Seventh, see a therapist. When you are making knee-jerk negative reactions, there is unfinished business in your family-of-origin. Everyone grows up in imperfect families, and patterns, beliefs, expectations (the family “shoulds”) are preventing you from making thoughtful responses. Family-of-origin work helps you identify family patterns, beliefs, feelings and expectations, once useful, that now may need to be modified or discarded.

One thing you can start today is taking time several times during the day to focus on following your breath in and out. Consistent practice will change how the neurons in the brain fire and that will create a less reactive brain. Ready to try?

Best Wishes,


Acknowledgements: Dr. Daniel Siegel and Dr. Elisha Goldstein. Their web-sites and facebook pages have great accessible resources. Check them out!





Posted by: jude49 | July 18, 2016

Experiencing Racing Anxious Thoughts? Try Singing.

Hello Readers!

For years, I suffered with panic attacks. When I tried to sleep, all sorts of scary thoughts raced through my head. One night out of sheer desperation, I grabbed a children’s songbook published by my church. I started singing the songs, all verses. My voice quivered and cracked, but I kept on singing. Around the 5th or 6th song, I started to feel different. My body wasn’t shaking as much, and I was starting to feel less anxious. I was frightened to stop singing so I sang every song in the book I knew. It took about 45 minutes. After I finished singing the songs, I noticed that the  thoughts that were terrorizing me had dimmed. I felt that I had control over my body again. For years, I kept that songbook close to me. There wasn’t one time I used it that it didn’t succeed in calming me down.

Why did singing calm me down. Here are my thoughts…

  • the songs were like lullabies…soothing and calming
  • the words were ones of peace, hope and comfort
  • giving voice to the songs rather than singing them in my mind focused and grounded me in the present moment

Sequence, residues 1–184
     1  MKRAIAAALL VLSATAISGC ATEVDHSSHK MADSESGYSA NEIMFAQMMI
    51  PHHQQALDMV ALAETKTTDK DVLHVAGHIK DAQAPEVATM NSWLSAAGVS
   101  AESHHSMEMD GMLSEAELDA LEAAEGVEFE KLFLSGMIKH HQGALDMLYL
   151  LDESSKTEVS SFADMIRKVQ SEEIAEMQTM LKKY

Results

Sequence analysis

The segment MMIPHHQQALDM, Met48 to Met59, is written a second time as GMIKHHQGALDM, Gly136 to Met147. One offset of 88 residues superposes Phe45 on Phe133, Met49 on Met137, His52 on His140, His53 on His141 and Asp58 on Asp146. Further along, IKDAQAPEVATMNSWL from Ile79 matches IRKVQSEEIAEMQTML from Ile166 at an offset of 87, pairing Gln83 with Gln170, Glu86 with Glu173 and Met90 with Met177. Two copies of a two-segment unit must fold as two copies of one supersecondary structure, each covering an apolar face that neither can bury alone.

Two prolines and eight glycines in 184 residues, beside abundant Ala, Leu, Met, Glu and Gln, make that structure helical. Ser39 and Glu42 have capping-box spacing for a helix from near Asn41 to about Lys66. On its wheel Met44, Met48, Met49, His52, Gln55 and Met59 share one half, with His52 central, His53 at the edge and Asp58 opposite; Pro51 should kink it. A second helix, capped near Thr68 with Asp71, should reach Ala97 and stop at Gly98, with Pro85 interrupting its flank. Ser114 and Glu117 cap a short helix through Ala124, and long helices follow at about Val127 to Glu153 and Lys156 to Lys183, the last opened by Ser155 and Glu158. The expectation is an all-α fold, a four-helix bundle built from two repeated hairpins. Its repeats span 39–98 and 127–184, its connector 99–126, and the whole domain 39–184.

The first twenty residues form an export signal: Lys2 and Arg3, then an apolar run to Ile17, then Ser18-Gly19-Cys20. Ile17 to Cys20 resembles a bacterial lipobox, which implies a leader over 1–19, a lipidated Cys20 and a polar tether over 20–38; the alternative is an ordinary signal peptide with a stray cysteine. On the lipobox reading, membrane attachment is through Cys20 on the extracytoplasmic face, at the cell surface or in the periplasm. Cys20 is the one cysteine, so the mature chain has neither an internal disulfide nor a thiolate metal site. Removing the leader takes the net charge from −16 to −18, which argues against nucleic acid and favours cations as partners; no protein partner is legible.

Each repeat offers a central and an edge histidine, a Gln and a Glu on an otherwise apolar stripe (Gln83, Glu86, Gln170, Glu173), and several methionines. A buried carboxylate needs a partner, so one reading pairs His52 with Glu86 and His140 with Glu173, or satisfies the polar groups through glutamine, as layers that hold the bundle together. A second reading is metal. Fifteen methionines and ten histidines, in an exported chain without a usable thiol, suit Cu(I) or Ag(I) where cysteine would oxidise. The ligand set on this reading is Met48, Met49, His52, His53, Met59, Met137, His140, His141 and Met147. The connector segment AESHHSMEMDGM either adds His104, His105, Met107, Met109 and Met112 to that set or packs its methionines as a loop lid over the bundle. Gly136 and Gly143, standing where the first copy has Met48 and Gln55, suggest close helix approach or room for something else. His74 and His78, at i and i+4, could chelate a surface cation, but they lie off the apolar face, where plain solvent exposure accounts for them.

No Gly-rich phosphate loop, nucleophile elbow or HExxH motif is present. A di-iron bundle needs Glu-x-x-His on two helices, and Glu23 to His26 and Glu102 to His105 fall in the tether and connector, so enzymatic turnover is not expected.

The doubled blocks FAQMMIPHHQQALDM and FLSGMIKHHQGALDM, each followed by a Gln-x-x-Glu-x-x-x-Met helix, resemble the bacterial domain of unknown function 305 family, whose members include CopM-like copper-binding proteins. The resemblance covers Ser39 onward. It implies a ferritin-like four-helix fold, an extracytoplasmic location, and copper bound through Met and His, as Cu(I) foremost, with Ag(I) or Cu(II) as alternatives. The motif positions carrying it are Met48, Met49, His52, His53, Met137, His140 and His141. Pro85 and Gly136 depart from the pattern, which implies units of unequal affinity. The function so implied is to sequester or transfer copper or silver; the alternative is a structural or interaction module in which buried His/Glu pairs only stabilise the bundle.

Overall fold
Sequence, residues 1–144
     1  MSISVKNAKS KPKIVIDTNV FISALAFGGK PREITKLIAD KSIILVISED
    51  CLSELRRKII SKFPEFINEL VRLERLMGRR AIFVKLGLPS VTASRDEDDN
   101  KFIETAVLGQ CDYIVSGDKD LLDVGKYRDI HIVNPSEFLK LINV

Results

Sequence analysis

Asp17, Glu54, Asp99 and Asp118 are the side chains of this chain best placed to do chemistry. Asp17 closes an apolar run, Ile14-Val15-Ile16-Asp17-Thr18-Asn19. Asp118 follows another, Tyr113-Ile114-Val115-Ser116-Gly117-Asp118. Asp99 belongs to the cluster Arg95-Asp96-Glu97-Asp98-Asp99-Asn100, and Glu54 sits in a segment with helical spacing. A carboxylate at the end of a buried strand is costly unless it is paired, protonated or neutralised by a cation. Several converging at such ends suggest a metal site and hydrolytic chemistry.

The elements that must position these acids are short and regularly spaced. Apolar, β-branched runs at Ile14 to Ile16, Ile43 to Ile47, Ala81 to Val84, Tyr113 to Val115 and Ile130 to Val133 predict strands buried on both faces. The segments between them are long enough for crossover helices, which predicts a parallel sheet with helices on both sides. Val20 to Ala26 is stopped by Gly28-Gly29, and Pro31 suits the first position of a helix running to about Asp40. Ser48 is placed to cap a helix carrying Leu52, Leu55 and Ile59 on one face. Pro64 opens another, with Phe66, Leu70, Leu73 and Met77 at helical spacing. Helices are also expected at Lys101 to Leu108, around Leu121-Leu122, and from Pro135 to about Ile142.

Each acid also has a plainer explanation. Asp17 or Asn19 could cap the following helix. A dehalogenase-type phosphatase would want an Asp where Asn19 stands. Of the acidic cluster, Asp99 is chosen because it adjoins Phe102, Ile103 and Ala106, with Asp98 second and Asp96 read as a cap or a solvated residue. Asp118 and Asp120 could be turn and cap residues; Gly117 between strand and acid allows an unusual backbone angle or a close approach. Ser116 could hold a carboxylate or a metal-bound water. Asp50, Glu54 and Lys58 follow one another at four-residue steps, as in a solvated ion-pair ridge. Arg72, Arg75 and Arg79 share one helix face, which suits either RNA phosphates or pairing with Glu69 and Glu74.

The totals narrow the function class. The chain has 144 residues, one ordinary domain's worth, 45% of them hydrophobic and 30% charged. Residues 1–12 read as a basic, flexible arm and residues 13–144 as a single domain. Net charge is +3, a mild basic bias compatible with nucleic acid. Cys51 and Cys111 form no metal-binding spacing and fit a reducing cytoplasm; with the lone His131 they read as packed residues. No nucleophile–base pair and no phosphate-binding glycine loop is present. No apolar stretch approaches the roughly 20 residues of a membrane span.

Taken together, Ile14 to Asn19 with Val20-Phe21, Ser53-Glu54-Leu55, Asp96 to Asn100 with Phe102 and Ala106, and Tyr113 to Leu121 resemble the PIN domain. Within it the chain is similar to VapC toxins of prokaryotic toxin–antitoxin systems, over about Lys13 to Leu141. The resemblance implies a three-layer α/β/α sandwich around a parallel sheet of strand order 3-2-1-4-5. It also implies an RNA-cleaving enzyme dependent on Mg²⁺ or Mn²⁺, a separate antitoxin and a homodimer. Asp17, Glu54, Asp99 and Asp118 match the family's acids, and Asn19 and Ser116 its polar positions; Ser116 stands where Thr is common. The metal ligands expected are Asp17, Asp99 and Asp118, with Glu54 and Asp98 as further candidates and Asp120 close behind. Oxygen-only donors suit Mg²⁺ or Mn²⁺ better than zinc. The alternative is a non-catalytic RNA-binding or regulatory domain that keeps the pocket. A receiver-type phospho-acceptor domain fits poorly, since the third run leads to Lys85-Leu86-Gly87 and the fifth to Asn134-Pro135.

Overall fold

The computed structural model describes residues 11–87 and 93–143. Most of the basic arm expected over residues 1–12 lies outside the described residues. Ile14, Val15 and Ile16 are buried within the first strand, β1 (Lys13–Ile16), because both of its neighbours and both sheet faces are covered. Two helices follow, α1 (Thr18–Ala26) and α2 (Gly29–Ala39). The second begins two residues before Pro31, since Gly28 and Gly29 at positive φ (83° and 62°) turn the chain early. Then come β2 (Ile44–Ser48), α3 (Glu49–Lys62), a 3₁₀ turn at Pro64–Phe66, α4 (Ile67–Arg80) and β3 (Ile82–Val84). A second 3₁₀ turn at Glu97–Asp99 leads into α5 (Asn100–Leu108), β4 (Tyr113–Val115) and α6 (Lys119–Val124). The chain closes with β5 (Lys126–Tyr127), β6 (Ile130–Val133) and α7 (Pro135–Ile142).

• singing the songs out loud rather than silently made me breathe…you have  to breathe to sing!
  • singing the songs took the focus off the anxious thoughts

As I sang the songs, I began to be more familiar with the words and the melodies. Often, I would find myself humming or quietly singing the songs (out loud and in my head) during the day when I felt anxious. I found that when I became anxious at night, I didn’t have to sing as many songs to calm down as I had previously.

With our knowledge of brain science, I now know that singing was changing my brain. Endorphins, a hormone released by singing, is associated with pleasurable feelings. Oxytocin, another hormone released by singing, can alleviate anxiety and depression.

Singing alone is good, but singing with others is even better! Ever since I was young, I have sung in choirs. Singing together creates community and lessens loneliness. Remember, we are wired to connect with each other. Singing in choirs has been a calming and productive activity for millions, including me. More and more, singing is being recognized for its health benefits. Years ago, auditioning for any choir was a pre-requisite for joining. More and more, though, choir groups are springing up that just require a willing spirit and a love of singing. There is even a drop-in singing group in Vancouver every week!

I’m joining a choral group this fall in Vancouver, BC as I’ve realized I need that community and, most of all, I need to sing!! It’s fun and it’s healthy. What about you?



Reference: Singing Changes Your Brain by Stacy Horn

Singing Changes Your Brain


Posted by: jude49 | June 27, 2016

Want to Solve Problems…Use Empathy!

Hello Readers!

One would think that if someone comes to you with a problem, they want a straightforward, logical response. Not necessarily so!

A question for you…What happens when you express your feelings about and you are cut off with statements such as “Oh, don’t worry about that” OR “She didn’t mean it that way” OR “Why are you taking that so seriously”…I imagine you might feel “small” or hurt or dismissed. You’ll probably feel some tension in your body…a knot in your stomach, for example. And you may be thinking you were dumb for expressing your thoughts and feelings. You may even think your thoughts and feelings are dumb.

What if the other was curious about your concern and asked questions such as “Tell me more…” OR “I can hear your concern. I’m here to listen” OR “Yeah, I’ve had a similar experience. Feels upsetting” I imagine you would feel “heard” as these statements indicate that you are listening and showing empathy. Thus, empathy is seeing the problem from the “other’s”perspective…putting yourself in the other’s shoes, so to speak.